\begin{align*} \sum_{i=1}^n X_i^2\sim \chi_n^2. \end{align*}

Proof. The proof follows directly from Propositions 2.1 and 2.2.

The last result is sometimes employed for directly defining the chi-square rv with $$\nu$$ degrees of freedom as the sum of $$\nu$$ independent squared $$\mathcal{N}(0,1)$$ rv’s. In this way, the degrees of freedom represent the number of terms in the sum.

Example 2.9 If $$(Z_1,\ldots,Z_6)$$ is a srs of a standard normal, find a number $$b$$ such that

\begin{align*} \mathbb{P}\left(\sum_{i=1}^6 Z_i^2\leq b\right)=0.95. \end{align*}

We know from Corollary 2.1 that

\begin{align*} \sum_{i=1}^6 Z_i^2\sim \chi_6^2. \end{align*}

Then, $$b\approx 12.59$$ corresponds to the upper $$\alpha$$-quantile of a $$\chi^2_{\nu},$$ denoted as $$\chi^2_{\nu;\alpha}.$$ Here, $$\alpha=0.05$$ and $$\nu=6.$$ The quantiles $$\chi^2_{6;0.05}$$ can be computed by calling the qchisq() function in R:

alpha <- 0.05
qchisq(1 - alpha, df = 6) # df stands for the degrees of freedom
## [1] 12.59159
qchisq(alpha, df = 6, lower.tail = FALSE) # Alternatively
## [1] 12.59159

The final result of this section is the famous Fisher’s Theorem, which delivers the sampling distribution of $$S^2$$ and $$S'^2,$$ and their independence29 with respect to $$\bar{X}.$$

Theorem 2.2 (Fisher's Theorem) If $$(X_1,\ldots,X_n)$$ is a srs of a $$\mathcal{N}(\mu,\sigma^2)$$ rv, then $$S^2$$ and $$\bar{X}$$ are independent, and

\begin{align*} \frac{nS^2}{\sigma^2}=\frac{(n-1)S'^2}{\sigma^2}\sim\chi_{n-1}^2. \end{align*}

Proof (Proof of Theorem 2.2). We apply Theorem 2.6 given in the Appendix for $$p=1,$$ in such a way that

\begin{align*} nS^2=\sum_{i=1}^n X_i^2-(\sqrt{n}\bar{X})^2=\sum_{i=1}^n X_i^2-\boldsymbol{c}_1' X, \end{align*}

for $$\boldsymbol{c}_1=(1/\sqrt{n},\ldots,1/\sqrt{n})'$$ and $$\boldsymbol{X}=(X_1,\ldots,X_n)'.$$ Therefore, by such theorem, $$S^2$$ is independent of $$\bar{X},$$ and $$\frac{nS^2}{\sigma^2}\sim \chi_{n-1}^2.$$

Example 2.10 Assume that we have a srs made of 10 bottles from the filling machine of Example 2.7 where $$\sigma^2=625.$$ Find a pair of values $$b_1$$ and $$b_2$$ such that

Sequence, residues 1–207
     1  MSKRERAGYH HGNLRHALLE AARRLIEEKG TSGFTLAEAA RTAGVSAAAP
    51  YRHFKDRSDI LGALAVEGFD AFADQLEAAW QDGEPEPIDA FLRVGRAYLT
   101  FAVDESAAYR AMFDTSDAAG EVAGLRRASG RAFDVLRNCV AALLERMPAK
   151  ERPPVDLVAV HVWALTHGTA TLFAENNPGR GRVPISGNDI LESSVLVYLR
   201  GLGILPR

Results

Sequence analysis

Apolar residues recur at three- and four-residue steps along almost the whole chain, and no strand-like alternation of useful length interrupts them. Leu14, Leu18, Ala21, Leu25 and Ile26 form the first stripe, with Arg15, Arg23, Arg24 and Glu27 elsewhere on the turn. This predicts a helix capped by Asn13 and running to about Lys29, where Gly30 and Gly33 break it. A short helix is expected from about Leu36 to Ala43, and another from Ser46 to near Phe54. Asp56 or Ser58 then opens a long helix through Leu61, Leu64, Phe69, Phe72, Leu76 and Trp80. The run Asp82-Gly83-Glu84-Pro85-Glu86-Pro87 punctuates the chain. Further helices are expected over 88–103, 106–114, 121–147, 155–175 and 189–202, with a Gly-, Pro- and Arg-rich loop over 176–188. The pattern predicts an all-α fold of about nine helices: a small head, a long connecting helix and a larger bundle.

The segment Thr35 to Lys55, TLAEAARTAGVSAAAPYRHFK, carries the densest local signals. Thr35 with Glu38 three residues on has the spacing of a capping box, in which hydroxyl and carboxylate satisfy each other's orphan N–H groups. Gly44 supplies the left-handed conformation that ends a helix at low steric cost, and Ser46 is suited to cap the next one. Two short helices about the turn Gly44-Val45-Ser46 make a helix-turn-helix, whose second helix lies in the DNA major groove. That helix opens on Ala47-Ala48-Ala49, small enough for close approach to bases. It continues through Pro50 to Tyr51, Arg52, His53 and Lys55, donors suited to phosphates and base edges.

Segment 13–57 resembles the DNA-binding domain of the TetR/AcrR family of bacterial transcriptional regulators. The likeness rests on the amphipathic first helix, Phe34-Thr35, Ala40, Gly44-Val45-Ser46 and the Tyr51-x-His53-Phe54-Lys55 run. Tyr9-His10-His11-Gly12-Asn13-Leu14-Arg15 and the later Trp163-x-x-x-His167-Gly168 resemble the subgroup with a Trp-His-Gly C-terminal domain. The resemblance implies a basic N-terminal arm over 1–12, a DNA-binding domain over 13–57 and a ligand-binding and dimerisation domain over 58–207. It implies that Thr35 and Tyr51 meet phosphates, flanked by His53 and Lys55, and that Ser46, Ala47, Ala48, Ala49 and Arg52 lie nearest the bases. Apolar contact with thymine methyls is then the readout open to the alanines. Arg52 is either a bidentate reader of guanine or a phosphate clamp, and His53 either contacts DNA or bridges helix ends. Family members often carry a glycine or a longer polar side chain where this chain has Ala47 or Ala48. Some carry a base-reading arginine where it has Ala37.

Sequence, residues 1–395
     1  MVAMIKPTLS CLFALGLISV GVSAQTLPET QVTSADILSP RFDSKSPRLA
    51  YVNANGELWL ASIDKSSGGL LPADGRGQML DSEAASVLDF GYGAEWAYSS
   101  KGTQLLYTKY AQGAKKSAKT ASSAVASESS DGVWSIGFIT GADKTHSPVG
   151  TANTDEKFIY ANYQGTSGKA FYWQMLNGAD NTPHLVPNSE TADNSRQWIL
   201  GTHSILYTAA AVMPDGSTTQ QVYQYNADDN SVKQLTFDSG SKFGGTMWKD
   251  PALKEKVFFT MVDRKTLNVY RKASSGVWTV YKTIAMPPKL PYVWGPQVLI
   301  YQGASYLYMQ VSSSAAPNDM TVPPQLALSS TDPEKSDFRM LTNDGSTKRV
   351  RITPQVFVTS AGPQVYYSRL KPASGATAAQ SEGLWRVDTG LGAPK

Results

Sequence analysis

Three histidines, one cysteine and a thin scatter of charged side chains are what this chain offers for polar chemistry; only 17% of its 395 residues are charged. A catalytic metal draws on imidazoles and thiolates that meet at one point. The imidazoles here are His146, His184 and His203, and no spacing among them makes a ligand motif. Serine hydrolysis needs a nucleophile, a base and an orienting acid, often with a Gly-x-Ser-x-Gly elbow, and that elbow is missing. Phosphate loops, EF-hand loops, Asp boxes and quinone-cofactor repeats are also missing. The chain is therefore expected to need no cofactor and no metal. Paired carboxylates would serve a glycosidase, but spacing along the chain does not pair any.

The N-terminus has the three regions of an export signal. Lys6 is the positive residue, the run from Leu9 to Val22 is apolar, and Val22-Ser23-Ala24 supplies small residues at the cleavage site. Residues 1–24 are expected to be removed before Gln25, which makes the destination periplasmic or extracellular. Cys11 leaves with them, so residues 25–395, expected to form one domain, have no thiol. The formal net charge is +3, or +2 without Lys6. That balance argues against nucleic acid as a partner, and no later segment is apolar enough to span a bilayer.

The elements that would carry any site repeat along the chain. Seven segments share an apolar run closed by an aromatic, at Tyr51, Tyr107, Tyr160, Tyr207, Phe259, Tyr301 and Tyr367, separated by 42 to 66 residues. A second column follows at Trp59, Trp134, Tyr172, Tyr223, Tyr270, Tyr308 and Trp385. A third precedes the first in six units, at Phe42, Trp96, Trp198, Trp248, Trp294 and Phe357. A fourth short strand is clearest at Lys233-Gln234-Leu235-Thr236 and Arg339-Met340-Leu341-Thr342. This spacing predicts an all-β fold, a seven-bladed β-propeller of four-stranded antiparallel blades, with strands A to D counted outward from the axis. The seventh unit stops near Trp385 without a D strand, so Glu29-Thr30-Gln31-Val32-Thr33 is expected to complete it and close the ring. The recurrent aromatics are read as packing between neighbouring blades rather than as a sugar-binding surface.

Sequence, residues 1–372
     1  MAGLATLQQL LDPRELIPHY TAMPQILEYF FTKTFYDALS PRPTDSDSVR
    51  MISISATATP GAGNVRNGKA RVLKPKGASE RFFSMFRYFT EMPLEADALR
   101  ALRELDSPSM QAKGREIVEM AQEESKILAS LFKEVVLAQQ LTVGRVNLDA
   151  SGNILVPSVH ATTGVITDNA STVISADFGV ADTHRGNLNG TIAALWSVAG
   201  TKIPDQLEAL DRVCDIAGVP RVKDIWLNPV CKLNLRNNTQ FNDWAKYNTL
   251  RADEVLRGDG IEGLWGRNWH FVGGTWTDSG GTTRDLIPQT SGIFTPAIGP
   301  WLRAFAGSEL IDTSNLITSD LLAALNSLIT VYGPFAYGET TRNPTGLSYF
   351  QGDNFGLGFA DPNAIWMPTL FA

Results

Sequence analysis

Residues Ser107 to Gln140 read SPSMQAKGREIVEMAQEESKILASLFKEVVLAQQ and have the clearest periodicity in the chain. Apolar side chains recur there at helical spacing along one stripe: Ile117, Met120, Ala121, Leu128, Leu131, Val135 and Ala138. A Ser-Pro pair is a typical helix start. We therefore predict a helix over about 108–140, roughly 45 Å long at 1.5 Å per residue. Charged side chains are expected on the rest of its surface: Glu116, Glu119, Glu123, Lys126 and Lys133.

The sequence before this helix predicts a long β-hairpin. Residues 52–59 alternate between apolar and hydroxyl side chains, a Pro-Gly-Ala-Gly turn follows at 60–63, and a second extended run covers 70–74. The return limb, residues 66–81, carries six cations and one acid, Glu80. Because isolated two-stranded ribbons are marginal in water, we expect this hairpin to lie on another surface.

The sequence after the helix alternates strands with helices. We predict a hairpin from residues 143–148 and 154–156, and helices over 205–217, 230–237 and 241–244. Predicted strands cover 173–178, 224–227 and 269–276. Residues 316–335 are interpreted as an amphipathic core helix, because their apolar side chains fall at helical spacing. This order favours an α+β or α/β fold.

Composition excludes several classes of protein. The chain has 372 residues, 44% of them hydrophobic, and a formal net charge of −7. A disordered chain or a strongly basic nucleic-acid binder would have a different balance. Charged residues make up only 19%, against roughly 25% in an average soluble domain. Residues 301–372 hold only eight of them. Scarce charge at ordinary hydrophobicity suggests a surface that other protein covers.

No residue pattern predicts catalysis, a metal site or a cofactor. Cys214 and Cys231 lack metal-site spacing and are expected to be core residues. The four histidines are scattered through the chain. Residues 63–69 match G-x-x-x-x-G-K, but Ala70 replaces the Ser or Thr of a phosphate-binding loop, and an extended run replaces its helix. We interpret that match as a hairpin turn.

\begin{align*} \mathbb{P}(b_1\leq S'^2\leq b_2)=0.90. \end{align*}

We know from Theorem 2.2 that $$\frac{(n-1)S'^2}{\sigma^2}\sim\chi_{n-1}^2.$$ Therefore, multiplying by $$(n-1)$$ and dividing by $$\sigma^2$$ in the previous probability, we get

\begin{align*} \mathbb{P}(b_1\leq S'^2\leq b_2)&=\mathbb{P}\left(\frac{(n-1)b_1}{\sigma^2}\leq \frac{(n-1)S'^2}{\sigma^2} \leq \frac{(n-1)b_2}{\sigma^2}\right)\\ &=\mathbb{P}\left(\frac{9b_1}{625}\leq \chi_9^2 \leq \frac{9b_2}{625}\right). \end{align*}

Set $$a_1=\frac{9b_1}{625}$$ and $$a_2=\frac{9b_2}{625}.$$ A possibility is to select:

• $$a_1$$ such that the cumulative probability to its left (right) is $$0.05$$ ($$0.95$$). This corresponds to the upper $$(1-\alpha/2)$$-quantile, $$\chi^2_{\nu;1-\alpha/2},$$ with $$\alpha=0.10$$ (because $$1-\alpha=0.90$$).
• $$a_2$$ such that the cumulative probability to its right is $$0.05.$$ This corresponds to the upper $$\alpha/2$$-quantile, $$\chi^2_{\nu;\alpha/2}.$$

Recall that, unlike in the situation of Example 2.8, the pdf of a chi-square is not symmetric, and hence $$\chi^2_{\nu;1-\alpha}\neq -\chi^2_{\nu;\alpha}$$ (for the normal we had that $$z_{1-\alpha}= -z_{\alpha}$$ and therefore we only cared about $$z_{\alpha}$$).

We can compute $$a_1=\chi^2_{9;0.95}$$ and $$a_2=\chi^2_{9;0.05}$$ by employing the function qchisq():

alpha <- 0.10
qchisq(1 - alpha / 2, df = 9, lower.tail = FALSE) # a1
## [1] 3.325113
qchisq(alpha / 2, df = 9, lower.tail = FALSE) # a2
## [1] 16.91898

Then, $$a_1\approx3.325$$ and $$a_2\approx16.919,$$ so the asked values are $$b_1\approx3.325\times 625/9=230.903$$ and $$b_2\approx 16.919\times 625 / 9=1174.931.$$

### 2.2.3 Student’s $$t$$ distribution

Definition 2.4 (Student’s $$t$$ distribution) Let $$X\sim \mathcal{N}(0,1)$$ and $$Y\sim \chi_{\nu}^2$$ be independent rv’s. The distribution of the rv

\begin{align*} T=\frac{X}{\sqrt{Y/\nu}} \end{align*}

is the Student’s $$t$$ distribution with $$\nu$$ degrees of freedom.30

The pdf of the Student’s $$t$$ distribution is (see the Exercise 2.22)

\begin{align*} f(t;\nu)=\frac{\Gamma\left(\frac{\nu+1}{2}\right)}{\sqrt{\nu \pi}\,\Gamma\left(\frac{\nu}{2}\right)}\left(1+\frac{t^2}{\nu}\right)^{-(\nu+1)/2},\quad t\in \mathbb{R}. \end{align*}

We can see that the density is symmetric with respect to zero. When $$\nu>1$$31, its expectation is $$\mathbb{E}[T]=0$$ and, when $$\nu>2,$$ its variance is $$\mathbb{V}\mathrm{ar}[T]=\nu/(\nu-2)>1.$$ This means that for $$\nu>2,$$ $$T$$ has a larger variability than the standard normal. However, the differences between a $$t_{\nu}$$ and a $$\mathcal{N}(0,1)$$ vanish as $$\nu\to\infty,$$ as it can be seen in Figure 2.6.

Theorem 2.3 (Student's Theorem) Let $$(X_1,\ldots,X_n)$$ be a srs of a $$\mathcal{N}(\mu,\sigma^2)$$ rv. Let $$\bar{X}$$ and $$S'^2$$ be the sample mean and quasivariance, respectively. Then,

\begin{align*} T=\frac{\bar{X}-\mu}{S'/\sqrt{n}}\sim t_{n-1}. \end{align*}